#### Mario Carneiro (Nov 19 2018 at 18:01):

but actually I think you want to generalize the lemma a bit to prove it:

def sublists_of_length_aux {α : Type*} : ℕ → list α → (list α → list α) → list (list α) → list (list α) | 0 l f r := f [] :: r | (n+1) [] f r := r | (n+1) (a::l) f r := sublists_of_length_aux n l (f ∘ list.cons a) (sublists_of_length_aux (n + 1) l f r) def sublists_of_length {α : Type*} (l : list α) (n : ℕ) : list (list α) := sublists_of_length_aux n l id [] lemma foo {α : Type*} : ∀ (n : ℕ) (l : list α) (f g : list α → list α) (r s : list (list α)), sublists_of_length_aux n l (g ∘ f) (r.map g ++ s) = (sublists_of_length_aux n l f r).map g ++ s | 0 l f g r s := rfl | (n+1) [] f g r s := rfl | (n+1) (a::l) f g r s := by unfold sublists_of_length_aux; rw [foo, show ((g ∘ f) ∘ list.cons a) = (g ∘ f ∘ list.cons a), by refl, foo]

The theorem you want is now a simple corollary

#### Jeremy Avigad (Apr 07 2019 at 23:00):

I wrote a proof that the cardinality of the collection of k-subsets of an n-element set is `choose n k`

: https://gist.github.com/avigad/d9eef0fed9bb8b8ee4b03daafe604d53

It seems more complicated than it should be. Can anyone do better?

#### Bryan Gin-ge Chen (Apr 07 2019 at 23:07):

There's an older thread on this here. I never managed to finish @Mario Carneiro 's suggested proof, unfortunately.

#### Mario Carneiro (Apr 07 2019 at 23:11):

I think that it is worth it to do the list version of this first, as in the other thread. This gives you a useful list function in addition to proving this theorem

#### Mario Carneiro (Apr 07 2019 at 23:12):

It will probably be larger in terms of LOC but there won't be any big "hotspot" theorem with a huge line count, it breaks into a bunch of 3 line lemmas

#### Jeremy Avigad (Apr 07 2019 at 23:24):

It looks like you will need lots of annoying facts relating finsets and nodup lists, and finsets of finsets vs. lists of lists. You'd have to translate statements about powerset, filter, cardinality, etc. It doesn't sound like fun.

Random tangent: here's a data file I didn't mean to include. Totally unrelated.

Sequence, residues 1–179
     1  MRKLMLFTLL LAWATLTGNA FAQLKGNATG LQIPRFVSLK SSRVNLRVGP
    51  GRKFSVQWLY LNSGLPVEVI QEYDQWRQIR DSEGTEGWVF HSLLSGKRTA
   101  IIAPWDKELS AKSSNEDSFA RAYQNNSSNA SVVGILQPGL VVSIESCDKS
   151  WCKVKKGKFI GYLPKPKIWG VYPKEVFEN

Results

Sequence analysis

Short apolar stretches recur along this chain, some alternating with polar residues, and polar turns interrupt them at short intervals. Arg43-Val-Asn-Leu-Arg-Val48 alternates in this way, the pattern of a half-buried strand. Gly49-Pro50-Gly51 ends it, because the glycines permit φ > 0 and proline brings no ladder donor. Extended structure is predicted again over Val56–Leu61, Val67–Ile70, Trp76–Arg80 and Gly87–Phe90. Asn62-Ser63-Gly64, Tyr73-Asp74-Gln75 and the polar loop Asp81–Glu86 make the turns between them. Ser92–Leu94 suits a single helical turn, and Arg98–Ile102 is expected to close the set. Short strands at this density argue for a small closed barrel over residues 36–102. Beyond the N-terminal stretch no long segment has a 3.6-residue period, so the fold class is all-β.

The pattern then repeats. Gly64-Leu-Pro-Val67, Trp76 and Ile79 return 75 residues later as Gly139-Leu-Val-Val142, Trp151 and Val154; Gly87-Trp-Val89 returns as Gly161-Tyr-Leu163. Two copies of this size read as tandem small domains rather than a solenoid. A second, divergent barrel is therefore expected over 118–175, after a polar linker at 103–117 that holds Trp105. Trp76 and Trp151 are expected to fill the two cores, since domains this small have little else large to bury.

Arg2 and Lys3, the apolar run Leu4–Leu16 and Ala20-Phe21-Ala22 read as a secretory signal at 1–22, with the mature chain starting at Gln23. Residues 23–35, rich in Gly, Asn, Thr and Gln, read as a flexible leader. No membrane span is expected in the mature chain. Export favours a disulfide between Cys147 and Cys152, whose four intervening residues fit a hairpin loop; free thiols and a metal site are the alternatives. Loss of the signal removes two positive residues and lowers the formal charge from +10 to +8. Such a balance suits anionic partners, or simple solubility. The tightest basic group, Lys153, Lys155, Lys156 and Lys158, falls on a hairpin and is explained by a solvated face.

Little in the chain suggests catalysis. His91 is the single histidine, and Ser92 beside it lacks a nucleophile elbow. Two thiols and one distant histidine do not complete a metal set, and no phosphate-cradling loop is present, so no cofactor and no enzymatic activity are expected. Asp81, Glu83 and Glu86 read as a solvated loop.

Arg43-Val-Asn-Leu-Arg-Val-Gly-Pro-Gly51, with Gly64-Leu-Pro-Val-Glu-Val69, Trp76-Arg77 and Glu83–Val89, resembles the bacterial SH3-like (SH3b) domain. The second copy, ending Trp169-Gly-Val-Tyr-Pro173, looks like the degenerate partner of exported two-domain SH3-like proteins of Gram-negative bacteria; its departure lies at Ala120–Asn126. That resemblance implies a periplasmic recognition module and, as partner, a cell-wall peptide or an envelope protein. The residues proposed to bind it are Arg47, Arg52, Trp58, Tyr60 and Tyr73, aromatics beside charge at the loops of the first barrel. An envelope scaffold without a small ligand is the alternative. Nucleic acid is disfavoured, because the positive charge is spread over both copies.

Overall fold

It is a shame that the textbook proof is so long. All the steps are straightforward, but it is painful to have to spell them out. It's a good test case for automation.

#### Mario Carneiro (Apr 07 2019 at 23:27):

Most of that work is already done

#### Mario Carneiro (Apr 07 2019 at 23:27):

there are already theorems like that about nodup lists, properties of `list.sublists`

and so on

#### Mario Carneiro (Apr 07 2019 at 23:28):

why is `choose`

in root namespace?

#### Jeremy Avigad (Apr 07 2019 at 23:32):

I don't know. Where should it be? The name conflicts with `finset.choose`

.

#### Mario Carneiro (Apr 07 2019 at 23:57):

`nat.choose`

of course

#### Mario Carneiro (Apr 07 2019 at 23:58):

all the other nat functions are in the `nat`

namespace

#### Mario Carneiro (Apr 08 2019 at 01:14):

See #899. As I suspected, the total line count is more, but none of the individual theorems is very long, only about 10 lines at most, and there is more reusability for the list and multiset counterparts

#### Jeremy Avigad (Apr 08 2019 at 01:26):

Nice. But I still think it is a shame that there isn't a more elegant path through `finset`

. Rewriting finite combinatorics in terms of lists isn't the best way to make friends and influence others.

#### Mario Carneiro (Apr 08 2019 at 01:26):

I think that the performance improvement is worth it

#### Mario Carneiro (Apr 08 2019 at 01:27):

filtering all subsets is kind of a bad way to generate these lists

#### Mario Carneiro (Apr 08 2019 at 01:28):

There is certainly a way to do it directly, but then you have to do a lot of reasoning about the sizes of things; here the fact that the size of it is `choose`

is easy because it directly reflects the combinatoric description of how you make a list of all subsets

#### Mario Carneiro (Apr 08 2019 at 01:29):

Also I prefer to avoid `insert`

and such, because you are always dealing with things not being elements of other things

#### Scott Morrison (Apr 08 2019 at 01:31):

I like Mario's proof a lot; it's got that inevitable feel to it. At the same time I appreciate Jeremy's point: mathematicians are going to take some time to get used to `list`

being more important than `finset`

.

#### Jeremy Avigad (Apr 08 2019 at 01:57):

Mario, I don't buy the claim about "reflecting the combinatoric description". Given the recursive definition description of `choose`